Ed Miliband has fought back after Monaco-based Boots boss Stefano Pessina said Labour's policy platform would be a "catastrophe" for the country.
Answering questions from young people as part of Sky News' and Facebook's Ask The Leaders event, the Labour leader told his audience that "people won't take kindly to someone who avoids paying their taxes telling them how to vote".
"There's nothing that annoys people more than tax avoidance by big companies," he went on.
"Mr Pessina, who has been trying to lecture us about what we should do in this country, frankly I think he should be paying his taxes."
Asked if that meant he wanted to stop other big companies avoiding paying their taxes, Miliband replied: "Absolutely, we have got to deal with this."
Ed Miliband hits back at comments made by Boots boss & says government isn't doing enough about tax avoidance http://t.co/CCjpsR4ANG— Stand Up Be Counted (@SkySUBC) February 2, 2015
This comes after Miliband's other Labour colleagues lashed out at Pessina, who has an estimated fortune of £7.5 billion. Shadow business secretary Chuka Umunna said voters would draw their own conclusions about business leaders who live abroad and do not pay tax in UK wading into British politics.
"It is important that the voice of business is heard during this general election campaign, not least on Europe," he said.
"But the British people and British businesses will draw their own conclusions when those who don't live here, don't pay tax in this country and lead firms that reportedly avoid making a fair contribution in what they pay purport to know what is in Britain's best interests."
Pessina, who oversaw the £46 million merger of Alliance Boots with American firm Walgreens and is now its acting chief executive, told the Sunday Telegraph: "If they acted as they speak it would be a catastrophe."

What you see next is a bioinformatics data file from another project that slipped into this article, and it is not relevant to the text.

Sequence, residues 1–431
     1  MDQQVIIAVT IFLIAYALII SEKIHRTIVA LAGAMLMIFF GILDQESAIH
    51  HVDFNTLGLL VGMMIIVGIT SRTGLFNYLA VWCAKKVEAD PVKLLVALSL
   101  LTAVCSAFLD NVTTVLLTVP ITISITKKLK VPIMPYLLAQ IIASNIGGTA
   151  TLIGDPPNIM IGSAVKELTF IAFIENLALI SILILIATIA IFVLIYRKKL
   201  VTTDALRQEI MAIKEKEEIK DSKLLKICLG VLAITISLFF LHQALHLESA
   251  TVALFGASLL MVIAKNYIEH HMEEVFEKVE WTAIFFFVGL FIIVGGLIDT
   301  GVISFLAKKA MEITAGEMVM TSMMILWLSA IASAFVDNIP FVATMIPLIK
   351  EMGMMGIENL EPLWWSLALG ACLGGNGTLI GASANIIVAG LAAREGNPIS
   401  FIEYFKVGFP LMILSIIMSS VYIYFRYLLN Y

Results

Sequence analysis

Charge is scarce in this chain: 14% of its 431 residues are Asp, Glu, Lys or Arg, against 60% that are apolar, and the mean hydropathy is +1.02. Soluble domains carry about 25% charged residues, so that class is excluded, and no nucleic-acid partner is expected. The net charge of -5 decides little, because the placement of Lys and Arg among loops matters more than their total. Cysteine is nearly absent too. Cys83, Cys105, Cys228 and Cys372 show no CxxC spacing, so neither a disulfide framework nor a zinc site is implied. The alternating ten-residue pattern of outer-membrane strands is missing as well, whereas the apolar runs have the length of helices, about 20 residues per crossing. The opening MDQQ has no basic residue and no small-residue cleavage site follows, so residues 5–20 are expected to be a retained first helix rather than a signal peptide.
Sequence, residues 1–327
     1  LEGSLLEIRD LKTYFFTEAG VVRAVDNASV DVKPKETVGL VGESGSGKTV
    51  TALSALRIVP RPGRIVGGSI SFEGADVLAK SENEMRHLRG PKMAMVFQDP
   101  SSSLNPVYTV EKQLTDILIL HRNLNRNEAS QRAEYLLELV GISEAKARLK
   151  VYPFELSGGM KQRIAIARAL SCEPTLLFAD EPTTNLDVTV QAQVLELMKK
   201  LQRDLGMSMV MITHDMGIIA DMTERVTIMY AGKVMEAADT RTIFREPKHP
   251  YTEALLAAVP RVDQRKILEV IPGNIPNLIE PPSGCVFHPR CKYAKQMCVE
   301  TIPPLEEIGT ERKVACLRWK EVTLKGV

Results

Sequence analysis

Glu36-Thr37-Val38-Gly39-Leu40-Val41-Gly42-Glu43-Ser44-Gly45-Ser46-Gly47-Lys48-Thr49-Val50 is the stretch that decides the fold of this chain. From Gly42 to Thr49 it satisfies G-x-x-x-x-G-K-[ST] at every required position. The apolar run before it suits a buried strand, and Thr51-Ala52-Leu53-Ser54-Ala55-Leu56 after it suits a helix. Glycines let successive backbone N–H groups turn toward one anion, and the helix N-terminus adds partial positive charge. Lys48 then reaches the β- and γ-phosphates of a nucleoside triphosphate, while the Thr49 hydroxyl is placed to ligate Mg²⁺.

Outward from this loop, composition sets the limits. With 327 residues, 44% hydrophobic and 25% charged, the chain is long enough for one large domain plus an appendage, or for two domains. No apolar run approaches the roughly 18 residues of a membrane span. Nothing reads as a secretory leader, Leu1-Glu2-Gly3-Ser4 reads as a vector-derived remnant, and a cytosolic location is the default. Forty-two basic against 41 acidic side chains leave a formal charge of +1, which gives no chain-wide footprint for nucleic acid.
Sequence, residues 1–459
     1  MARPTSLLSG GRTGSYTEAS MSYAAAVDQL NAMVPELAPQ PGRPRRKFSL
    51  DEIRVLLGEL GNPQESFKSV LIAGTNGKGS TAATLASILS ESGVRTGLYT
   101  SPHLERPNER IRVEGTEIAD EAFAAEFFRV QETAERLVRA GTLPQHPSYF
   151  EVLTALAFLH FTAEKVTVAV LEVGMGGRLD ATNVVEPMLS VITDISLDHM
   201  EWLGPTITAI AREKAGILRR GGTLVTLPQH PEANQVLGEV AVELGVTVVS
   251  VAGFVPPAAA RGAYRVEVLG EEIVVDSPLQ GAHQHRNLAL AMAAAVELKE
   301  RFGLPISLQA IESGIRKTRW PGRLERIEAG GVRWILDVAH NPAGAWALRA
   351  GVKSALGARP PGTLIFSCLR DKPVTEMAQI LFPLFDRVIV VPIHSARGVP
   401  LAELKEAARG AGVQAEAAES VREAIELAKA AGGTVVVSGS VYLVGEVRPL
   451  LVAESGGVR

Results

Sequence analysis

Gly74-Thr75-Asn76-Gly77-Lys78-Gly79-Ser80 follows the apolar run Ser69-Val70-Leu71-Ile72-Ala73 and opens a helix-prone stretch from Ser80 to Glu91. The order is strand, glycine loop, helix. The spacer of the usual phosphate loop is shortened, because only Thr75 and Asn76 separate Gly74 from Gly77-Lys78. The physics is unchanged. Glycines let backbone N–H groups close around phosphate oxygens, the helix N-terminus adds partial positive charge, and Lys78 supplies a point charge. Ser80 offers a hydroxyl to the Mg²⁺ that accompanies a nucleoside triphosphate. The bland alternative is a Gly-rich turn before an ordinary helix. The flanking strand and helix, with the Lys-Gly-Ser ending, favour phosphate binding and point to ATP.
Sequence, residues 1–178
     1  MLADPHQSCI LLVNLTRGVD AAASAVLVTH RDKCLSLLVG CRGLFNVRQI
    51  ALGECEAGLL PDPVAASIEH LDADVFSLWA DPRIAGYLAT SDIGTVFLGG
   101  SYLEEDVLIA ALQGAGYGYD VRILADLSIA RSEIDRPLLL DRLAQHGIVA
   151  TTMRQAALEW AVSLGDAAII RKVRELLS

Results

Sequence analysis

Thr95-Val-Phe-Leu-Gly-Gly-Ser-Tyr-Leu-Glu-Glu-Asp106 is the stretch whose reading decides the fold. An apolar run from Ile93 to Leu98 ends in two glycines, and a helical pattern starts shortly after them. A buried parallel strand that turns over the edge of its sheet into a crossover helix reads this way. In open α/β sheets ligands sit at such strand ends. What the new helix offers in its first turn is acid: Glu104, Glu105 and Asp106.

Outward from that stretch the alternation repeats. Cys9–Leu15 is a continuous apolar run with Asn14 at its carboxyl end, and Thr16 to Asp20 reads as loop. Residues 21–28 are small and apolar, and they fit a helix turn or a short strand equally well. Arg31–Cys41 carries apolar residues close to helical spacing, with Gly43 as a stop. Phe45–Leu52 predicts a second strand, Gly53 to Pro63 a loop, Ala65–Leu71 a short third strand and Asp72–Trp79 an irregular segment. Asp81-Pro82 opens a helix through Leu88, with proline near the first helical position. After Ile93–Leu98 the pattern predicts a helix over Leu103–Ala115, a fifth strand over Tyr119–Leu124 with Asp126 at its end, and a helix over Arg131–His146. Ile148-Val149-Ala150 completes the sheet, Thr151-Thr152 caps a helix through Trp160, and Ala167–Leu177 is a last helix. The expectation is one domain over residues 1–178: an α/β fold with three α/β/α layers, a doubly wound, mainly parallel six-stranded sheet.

Shadow foreign secretary Douglas Alexander dismissed the attacks as "rubbish", while Lucy Powell, vice- chairwoman of the election campaign, rounded on critics within the party, warning they were "not helpful".
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Walgreens Boots Alliance insisted that Pessina's comments had been "taken out of context". A spokesman said: "The comments made by Stefano Pessina were a small part of a much larger conversation and have been taken out of context.
"As a businessman, international entrepreneur and investor, he takes a natural interest in a broad range of topics within the economic landscape of countries where he has business interests, like he has done previously in the UK, Europe and the USA.
"Stefano Pessina was expressing his personal views only and is not campaigning against Ed Miliband or the Labour Party."
Meanwhile, Ed Balls said he was expecting similar "rhetoric" from big figures. "In the next three months we are going to have a number of people brought forward by the Conservatives - whether it is Gary Barlow or Mr Pessina - saying 'Don't vote Labour'," he said.
"The idea that somebody who doesn't pay any tax in Britain should be telling British people how to vote, I think, will stick in the craw.
"The interesting thing about this company, even though Mr Pessina is a tax exile in Monaco, and even though he has moved the domicile of Boots to Switzerland, the only tangible thing he said in the Telegraph on Saturday was his fear is of Britain leaving the EU.
"That's what I hear from businesses up and down the country all the time."